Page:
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Superregnum: Eukaryota
Regnum: Animalia
Subregnum: Eumetazoa
Cladus: Bilateria
Cladus: Nephrozoa
Superphylum: Deuterostomia
Phylum: Chordata
Cladus: Craniata
Subphylum: Vertebrata
Infraphylum: Gnathostomata
Superclassis: Tetrapoda
Classis: Amphibia
Subclassis: Lissamphibia
Ordo: Anura

Familia: Myobatrachidae
Genus: Crinia
Species: C. bilingua – C. deserticola – C. fimbriata – C. georgiana – C. glauerti – C. insignifera – C. nimbus – C. parinsignifera – C. pseudinsignifera – C. remota – C. riparia – C. signifera – C. sloanei – C. subinsignifera – C. tasmaniensis – C. tinnula

Crinia Tschudi, 1838

Type species: Crinia georgiana Tschudi, 1838

Crinia Tschudi, 1838
Ranidella Girard, 1853
Camariolus Peters, 1863
Pterophrynus Lütken, 1864
Pterophryne — Cope, 1865
Australocrinia Heyer & Liem, 1976
Littlejohnophryne Wells & Wellington, 1985
Tylerdella Wells & Wellington, 1985
Bryobatrachus Rounsevell, Ziegeler, Brown, Davies & Littlejohn, 1994


Tschudi, 1838, Classif. Batr.: 38, 78.
Amphibian Species of the World 5.1 Crinia access date 21 June 2008
Donnellan, S. et al. 2012: A new species of Crinia (Anura: Myobatrachidae) from the Flinders Ranges, South Australia. Zootaxa 3499: 1–26. Preview Reference page.

Vernacular names
English: Australian Froglets

Crinia is a genus of frog, native to Australia, and part of the family Myobatrachidae. It consists of small frogs, which are distributed throughout most of Australia, excluding the central arid regions. Many of the species within this genus are non-distinguishable through physical characteristics, and can only be distinguished by their calls.

They have unwebbed toes and fingers, most of the species in these genus are polymorphic - meaning that several variations of colour and skin patterning exist in a single population and all species lay their eggs in small clumps in water.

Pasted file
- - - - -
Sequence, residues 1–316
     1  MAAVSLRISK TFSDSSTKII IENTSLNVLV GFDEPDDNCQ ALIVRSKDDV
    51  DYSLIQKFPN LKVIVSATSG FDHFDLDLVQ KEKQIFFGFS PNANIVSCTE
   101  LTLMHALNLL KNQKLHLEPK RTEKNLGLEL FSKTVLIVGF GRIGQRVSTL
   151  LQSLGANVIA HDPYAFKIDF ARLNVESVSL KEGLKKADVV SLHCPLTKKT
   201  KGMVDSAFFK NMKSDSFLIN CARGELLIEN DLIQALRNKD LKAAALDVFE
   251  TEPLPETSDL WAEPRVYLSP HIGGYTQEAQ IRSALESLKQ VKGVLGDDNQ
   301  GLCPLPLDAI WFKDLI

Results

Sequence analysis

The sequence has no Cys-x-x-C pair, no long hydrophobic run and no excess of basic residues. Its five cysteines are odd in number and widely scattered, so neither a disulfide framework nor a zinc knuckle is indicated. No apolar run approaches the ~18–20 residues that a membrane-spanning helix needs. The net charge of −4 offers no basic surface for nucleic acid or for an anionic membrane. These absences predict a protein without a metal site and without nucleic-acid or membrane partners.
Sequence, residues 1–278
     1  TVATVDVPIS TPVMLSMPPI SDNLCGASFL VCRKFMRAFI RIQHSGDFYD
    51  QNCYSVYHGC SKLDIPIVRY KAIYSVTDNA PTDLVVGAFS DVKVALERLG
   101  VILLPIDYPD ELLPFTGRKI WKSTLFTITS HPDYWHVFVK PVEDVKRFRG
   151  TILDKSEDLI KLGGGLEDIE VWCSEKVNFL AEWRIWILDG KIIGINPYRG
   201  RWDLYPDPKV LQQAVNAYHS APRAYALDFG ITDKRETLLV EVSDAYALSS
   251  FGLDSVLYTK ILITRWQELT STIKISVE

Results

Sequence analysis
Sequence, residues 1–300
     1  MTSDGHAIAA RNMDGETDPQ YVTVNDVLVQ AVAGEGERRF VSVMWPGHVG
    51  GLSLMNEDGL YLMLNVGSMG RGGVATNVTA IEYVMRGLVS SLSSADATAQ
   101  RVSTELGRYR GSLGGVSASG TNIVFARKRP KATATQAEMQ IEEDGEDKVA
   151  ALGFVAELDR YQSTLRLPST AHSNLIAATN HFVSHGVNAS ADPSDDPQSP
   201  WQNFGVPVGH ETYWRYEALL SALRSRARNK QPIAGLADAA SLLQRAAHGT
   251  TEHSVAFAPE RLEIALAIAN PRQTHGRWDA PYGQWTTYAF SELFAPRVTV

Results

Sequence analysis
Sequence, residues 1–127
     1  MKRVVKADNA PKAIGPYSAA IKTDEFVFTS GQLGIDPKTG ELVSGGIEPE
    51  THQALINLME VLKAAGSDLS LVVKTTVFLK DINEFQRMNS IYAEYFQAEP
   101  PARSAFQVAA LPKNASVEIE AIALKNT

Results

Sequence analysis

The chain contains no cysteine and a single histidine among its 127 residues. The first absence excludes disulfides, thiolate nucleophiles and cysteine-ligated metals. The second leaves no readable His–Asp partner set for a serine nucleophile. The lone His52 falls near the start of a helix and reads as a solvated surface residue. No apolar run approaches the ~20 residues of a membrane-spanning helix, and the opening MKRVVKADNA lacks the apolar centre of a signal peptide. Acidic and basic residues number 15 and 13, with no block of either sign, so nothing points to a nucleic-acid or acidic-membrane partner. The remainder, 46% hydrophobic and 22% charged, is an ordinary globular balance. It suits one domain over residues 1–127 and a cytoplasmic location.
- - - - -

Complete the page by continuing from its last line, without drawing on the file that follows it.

The generic name Crinia likely derives from the Greek verb κρῑνω (krīnō) "to separate" as a reference to the frog's unwebbed digits, meaning "separated (toes)." Although Johann Jakob von Tschudi did not provide an etymology in 1838, he cited the frog's "free toes" (without webbing) as an important distinctive feature (most frogs have webbed feet).

During the 1950s, 1960s and 1970s a lot of taxonomic work was done on this genus, frogs that were originally thought to be common eastern froglets (Crinia signifera) were described as other species of Crinia by mating call analysis and hybridization experiments. Two species originally described as Crinia were then placed in their own genus, Assa and Paracrinia. One species of both Geocrinia and Taudactylus were split from Crinia and the genus Bryobatrachus was also described only to be recently placed back into Crinia. The moss froglet, (Crinia nimbus) is very different physically and in its tadpole development. Due to the obvious differences with other species in Crinia this species is likely to be placed again into a separate genus.

The genus Crinia contains 17 species:[1]

Common name Binomial name
Bilingual frog Crinia bilingua (Martin, Tyler, and Davies, 1980)
Desert froglet Crinia deserticola (Liem and Ingram, 1977)
Kimberley froglet Crinia fimbriata Doughty, Anstis, and Price, 2009
Northern Flinders Ranges froglet Crinia flindersensis Donnellan, Anstis, Price, and Wheaton, 2012
Quacking frog Crinia georgiana (Tschudi, 1838)
Glauert's froglet Crinia glauerti (Loveridge, 1933)
Sign-bearing froglet Crinia insignifera (Moore, 1954)
Moss froglet Crinia nimbus (Rounsevell, Ziegeler, Brown, Davies, and Littlejohn, 1994)
Eastern sign-bearing froglet Crinia parinsignifera (Main, 1957)
False western froglet Crinia pseudinsignifera (Main, 1957)
Remote froglet Crinia remota (Tyler and Parker, 1974)
Streambank froglet Crinia riparia (Littlejohn and Martin, 1965)
Common eastern froglet Crinia signifera (Girard, 1853)
Sloane's froglet Crinia sloanei (Littlejohn, 1958)
Small western froglet Crinia subinsignifera (Littlejohn, 1957)
Tasmanian froglet Crinia tasmaniensis (Günther, 1864)
Wallum froglet Crinia tinnula (Straughan and Main, 1966)


Frost, Darrel R. (2013). "Crinia Tschudi, 1838". Amphibian Species of the World 5.6, an Online Reference. American Museum of Natural History. Retrieved 4 April 2013.

Amphibian Species of the World - Crinia Tschudi, 1838
Australian Government Department of the Environment and Heritage
"Frogs of Australia > Crinia nimbus / Moss Froglet". Retrieved 2006-06-05.
Tschudi, Johann J. von (1838). Classification der Batrachier, mit Berücksichtigung der fossilen Tiere dieser Abteilung der Reptilien. Neuchâtel : Erück Petitpierre pp. 102.

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